Ronnie Cummins, director of the Organic Consumers Association, says, "It‘s reached the tipping point ... Even Wal-Mart‘s customers are demanding milk free from genetically engineered hormones."
The Kroger grocery chain began selling only hormone-free milk a month ago. Safeway has switched its in-store brands to hormone-free milk, though it also sells other brands produced from cows given the hormone. Starbucks recently began using only hormone-free milk in its stores as well. Wal-Mart is not only the largest grocery retailer in the United States, it’s the largest organic retailer as well. Because of this, they also have the most organic shoppers, and Wal-Mart wants to keep these shoppers coming into their stores.
And so, you have their removal of recombinant bovine somatotropin, or rBGH, from their milk. The decision-makers at Wal-Mart are well aware of the steady stream of dairies who are eliminating Monsanto’s dangerous hormone from their milk. They’re also aware that many consumers are boycotting the hormone as well. And if there’s one thing Wal-Mart will listen to, it’s dollars and cents, and keeping rBGH in their milk was threatening some of theirs.
So while this may not have been an altruistic move on Wal-Mart’s part, it is still a positive one. And because Wal-Mart is so giant, this decision could very well push rBGH, which is already on thin ice in the United States, off the radar entirely.
Yet, rBGH-Free Milk is STILL Not Healthy
If you HAD to drink pasteurized milk, and you could choose between one WITH rBGH, and one WITHOUT it, the one without would certainly be preferable.
Although the U.S. Food and Drug Administration maintains that milk with the hormone is identical to milk without it, scientists such as Dr. Michael Hansen from the Consumers Union and Dr. Samuel Epstein from the Cancer Prevention Coalition feel otherwise.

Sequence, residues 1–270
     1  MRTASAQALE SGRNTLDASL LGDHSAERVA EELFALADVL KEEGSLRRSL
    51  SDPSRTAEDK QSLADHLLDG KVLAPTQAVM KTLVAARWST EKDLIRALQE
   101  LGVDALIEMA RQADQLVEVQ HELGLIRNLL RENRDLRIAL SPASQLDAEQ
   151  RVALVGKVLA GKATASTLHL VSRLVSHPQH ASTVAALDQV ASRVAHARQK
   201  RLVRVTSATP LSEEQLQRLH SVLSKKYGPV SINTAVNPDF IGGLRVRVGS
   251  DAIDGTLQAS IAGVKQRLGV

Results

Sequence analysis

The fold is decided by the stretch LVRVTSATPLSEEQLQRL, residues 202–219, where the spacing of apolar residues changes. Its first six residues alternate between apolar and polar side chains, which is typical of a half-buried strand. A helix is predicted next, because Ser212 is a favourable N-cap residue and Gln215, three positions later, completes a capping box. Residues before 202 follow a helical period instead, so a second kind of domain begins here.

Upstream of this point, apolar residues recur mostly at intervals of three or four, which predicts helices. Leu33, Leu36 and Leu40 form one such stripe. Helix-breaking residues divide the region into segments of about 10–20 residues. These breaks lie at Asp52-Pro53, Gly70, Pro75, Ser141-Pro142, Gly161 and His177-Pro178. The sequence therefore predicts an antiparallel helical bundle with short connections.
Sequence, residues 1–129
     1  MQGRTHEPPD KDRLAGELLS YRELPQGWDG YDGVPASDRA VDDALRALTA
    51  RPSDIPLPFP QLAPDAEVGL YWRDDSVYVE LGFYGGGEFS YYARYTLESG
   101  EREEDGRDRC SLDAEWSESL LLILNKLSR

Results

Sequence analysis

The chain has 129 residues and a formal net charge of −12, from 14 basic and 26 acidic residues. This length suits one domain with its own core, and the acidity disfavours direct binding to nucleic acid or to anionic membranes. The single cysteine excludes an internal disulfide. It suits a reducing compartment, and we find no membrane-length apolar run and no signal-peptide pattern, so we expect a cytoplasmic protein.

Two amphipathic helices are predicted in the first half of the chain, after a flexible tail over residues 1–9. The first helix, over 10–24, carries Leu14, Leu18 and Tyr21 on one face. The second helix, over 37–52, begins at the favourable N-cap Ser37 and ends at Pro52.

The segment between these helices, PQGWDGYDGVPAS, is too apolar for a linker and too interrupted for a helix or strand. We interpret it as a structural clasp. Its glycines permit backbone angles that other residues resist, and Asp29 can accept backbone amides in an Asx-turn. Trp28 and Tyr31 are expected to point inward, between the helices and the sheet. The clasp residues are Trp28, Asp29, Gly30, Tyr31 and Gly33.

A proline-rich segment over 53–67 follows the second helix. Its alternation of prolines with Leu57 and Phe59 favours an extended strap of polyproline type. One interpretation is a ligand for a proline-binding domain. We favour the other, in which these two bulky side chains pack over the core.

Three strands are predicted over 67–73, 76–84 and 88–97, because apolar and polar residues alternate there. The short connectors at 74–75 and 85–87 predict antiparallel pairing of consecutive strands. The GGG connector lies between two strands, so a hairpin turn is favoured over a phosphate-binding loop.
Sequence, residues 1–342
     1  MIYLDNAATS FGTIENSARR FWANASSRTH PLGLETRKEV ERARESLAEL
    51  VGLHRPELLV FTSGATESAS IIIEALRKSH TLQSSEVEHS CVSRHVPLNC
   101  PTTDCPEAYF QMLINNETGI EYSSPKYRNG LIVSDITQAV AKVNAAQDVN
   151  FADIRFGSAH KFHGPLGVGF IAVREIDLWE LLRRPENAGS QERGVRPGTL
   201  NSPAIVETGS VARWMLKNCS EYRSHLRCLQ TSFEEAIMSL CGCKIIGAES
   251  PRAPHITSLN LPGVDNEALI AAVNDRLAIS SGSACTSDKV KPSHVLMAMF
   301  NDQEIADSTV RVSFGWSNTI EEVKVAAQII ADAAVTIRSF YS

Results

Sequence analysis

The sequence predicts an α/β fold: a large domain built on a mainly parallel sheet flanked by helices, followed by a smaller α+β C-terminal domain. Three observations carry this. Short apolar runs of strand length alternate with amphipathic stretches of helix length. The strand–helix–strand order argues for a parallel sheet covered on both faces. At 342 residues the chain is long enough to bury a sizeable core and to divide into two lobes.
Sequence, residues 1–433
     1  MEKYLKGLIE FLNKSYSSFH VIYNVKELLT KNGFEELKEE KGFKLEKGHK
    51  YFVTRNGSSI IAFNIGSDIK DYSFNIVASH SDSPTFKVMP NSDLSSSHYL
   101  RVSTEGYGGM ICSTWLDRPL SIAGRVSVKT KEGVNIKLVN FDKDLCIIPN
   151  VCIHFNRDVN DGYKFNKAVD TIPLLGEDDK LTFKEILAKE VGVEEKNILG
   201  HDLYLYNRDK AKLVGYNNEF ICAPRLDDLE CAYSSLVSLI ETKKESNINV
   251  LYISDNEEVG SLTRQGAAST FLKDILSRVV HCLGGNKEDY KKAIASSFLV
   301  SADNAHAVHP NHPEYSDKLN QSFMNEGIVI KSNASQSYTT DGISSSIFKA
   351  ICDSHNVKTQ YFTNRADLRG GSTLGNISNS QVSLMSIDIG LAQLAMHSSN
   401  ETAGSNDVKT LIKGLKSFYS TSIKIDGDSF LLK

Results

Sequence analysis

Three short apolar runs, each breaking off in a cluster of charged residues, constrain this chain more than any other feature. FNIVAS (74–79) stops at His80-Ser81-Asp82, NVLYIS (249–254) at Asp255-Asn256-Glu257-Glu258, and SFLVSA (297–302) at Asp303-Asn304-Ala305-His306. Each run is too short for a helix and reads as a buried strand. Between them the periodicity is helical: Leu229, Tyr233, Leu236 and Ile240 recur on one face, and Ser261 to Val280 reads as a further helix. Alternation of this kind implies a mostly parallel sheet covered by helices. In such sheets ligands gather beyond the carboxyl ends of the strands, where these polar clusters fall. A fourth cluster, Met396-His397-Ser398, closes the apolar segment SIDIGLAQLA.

According to these two experts, milk from rBGH-injected cows contains substantially higher amounts of a potent cancer tumor promoter called IGF-1, and despite evidence that rBGH milk contains higher levels of pus, bacteria, and antibiotics, the FDA gave the hormone its seal of approval, with no real pre-market safety testing required.
So you are clearly better off avoiding this hormone.
Yet, the real question isn’t whether to drink milk with or without rBGH, it’s whether to drink milk pasteurized or raw. And there is really no question about this: the ONLY way that milk should be consumed is if it’s raw.
The funny thing is, there never used to be such a thing as “raw” milk. That would be like saying, “I want some raw lettuce” or a “raw orange.” It wasn’t until the early 1900s that pasteurization was invented, and prior to that, ALL milk was raw.
Well, just as the pot is boiling over rBGH in milk, the issue over whether raw milk should be made widely available is also heating up. And I am hopeful that one day soon the voices of the public will prompt some changes in that arena, like it did for rBGH.
So while Wal-Mart’s decision to stop carrying rBGH milk is a small step in the right direction, I’ll save my applause until Wal-Mart announces that they are now stocking their shelves with high-quality RAW milk.
Download this Non-GMO Shopping Guide to find out which dairy products to consume and to avoid.
You May Want to Rethink Shopping at Wal-Mart Anyway
Before we pat Wal-Mart on the back too much, let’s all remember that this mega-corporation is not only the “king of low prices,” it’s the king of predatory business practices as well. And while I do admire their organizational structure, I do not set foot in Wal-Mart stores because of their abusive business practices and the way they are helping to degrade organic food standards.
For example, Penn State University researchers estimate some 20,000 American families have dropped below the poverty level due to the astounding growth of Wal-Mart between 1987 and 1998. And in counties where Wal-Mart stores are located, more than 15 percent of families depend on food stamps, compared to the national norm of 8 percent.
You can find out more details on the perils of the growth of Wal-Mart by watching "Wal-Mart: The High Cost of Low Price."
When you do, you may come to the same conclusion I did many years ago, which is that local farmers and food coops will always be a better place to buy your food than any giant superstore like Wal-Mart.